I assume you mean that the conclusion of a deductively valid argument can only be false if some non-zero subset of the premises are false.

I agree.

But that doesn't mean the conclusion can't be true if some of the premises are false.

For example:

Evan is a person.

2+2=4

Green is not a color.

Therefore

Evan is a person.

Just because a premise is false doesn't mean the conclusion is false.

The premises of any deductive argument always entail a set of propositions.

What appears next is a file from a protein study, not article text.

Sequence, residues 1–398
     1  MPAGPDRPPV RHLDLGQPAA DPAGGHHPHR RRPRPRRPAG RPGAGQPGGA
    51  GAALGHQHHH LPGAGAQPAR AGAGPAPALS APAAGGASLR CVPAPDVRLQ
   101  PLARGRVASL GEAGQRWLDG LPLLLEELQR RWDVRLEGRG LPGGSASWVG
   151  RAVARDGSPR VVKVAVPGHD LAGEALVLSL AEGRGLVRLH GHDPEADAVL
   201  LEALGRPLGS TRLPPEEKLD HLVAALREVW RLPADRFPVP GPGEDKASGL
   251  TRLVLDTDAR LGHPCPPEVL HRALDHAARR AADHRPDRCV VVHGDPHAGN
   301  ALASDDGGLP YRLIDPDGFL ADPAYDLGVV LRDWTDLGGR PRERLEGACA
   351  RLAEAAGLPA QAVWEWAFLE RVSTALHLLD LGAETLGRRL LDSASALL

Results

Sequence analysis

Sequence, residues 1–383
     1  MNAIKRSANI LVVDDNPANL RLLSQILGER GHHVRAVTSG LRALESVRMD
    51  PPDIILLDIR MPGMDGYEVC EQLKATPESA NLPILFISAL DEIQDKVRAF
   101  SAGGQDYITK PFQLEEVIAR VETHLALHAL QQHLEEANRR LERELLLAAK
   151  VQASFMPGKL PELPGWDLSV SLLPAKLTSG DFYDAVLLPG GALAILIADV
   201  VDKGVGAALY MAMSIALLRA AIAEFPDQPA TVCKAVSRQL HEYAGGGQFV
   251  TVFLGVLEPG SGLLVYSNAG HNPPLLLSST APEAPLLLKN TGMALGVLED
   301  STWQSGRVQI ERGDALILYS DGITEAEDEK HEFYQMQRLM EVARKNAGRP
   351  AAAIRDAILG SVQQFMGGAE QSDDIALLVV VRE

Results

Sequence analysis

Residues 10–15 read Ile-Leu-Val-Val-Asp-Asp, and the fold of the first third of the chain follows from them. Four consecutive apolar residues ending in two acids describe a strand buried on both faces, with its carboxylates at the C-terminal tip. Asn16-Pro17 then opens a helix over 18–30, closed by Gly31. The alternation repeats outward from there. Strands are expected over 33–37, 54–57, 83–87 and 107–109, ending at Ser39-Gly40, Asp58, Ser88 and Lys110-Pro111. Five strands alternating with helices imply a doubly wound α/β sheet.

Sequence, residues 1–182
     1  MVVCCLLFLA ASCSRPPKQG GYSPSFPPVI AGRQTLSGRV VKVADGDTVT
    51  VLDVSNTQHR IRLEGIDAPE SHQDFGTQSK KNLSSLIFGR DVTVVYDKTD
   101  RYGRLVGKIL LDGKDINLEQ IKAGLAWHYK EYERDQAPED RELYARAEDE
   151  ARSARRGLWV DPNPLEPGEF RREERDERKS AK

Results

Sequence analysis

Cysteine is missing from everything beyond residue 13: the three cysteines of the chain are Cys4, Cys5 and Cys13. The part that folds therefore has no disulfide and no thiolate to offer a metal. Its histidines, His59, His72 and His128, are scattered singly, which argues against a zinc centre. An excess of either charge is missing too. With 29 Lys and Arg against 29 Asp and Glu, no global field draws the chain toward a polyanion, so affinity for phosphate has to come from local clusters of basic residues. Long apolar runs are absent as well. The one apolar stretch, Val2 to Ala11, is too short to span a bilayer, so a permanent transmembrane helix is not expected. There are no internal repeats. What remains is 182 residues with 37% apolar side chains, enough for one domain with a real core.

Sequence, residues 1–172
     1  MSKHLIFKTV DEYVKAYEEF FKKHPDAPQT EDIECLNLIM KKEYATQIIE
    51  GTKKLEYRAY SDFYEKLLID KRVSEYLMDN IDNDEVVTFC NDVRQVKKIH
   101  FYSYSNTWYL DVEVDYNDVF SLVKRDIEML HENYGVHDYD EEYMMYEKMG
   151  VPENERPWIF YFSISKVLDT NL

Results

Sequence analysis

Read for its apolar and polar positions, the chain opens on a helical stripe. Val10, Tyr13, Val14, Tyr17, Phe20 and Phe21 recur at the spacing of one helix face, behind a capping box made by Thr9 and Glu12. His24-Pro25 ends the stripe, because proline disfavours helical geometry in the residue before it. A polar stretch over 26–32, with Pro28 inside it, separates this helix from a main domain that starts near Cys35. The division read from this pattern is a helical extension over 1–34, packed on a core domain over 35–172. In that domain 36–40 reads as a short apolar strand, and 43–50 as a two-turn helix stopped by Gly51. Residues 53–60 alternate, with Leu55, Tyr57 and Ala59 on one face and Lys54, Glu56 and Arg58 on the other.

The conclusion of any deductive argument always entails some subset (possibly including the whole set) of those propositions.

If a premise is false, it means some of the entailed propositions are false. If you just avoid those and pick out others that are true as your conclusion, you have an argument where some premise is false and the conclusion is true.

So, is provoker a hamster? No.

Are all hamsters members of typeC? No.

Is every single entailment of those two premises false? Not necessarily. There are plenty of true ones. Like provoker being a member of typeC.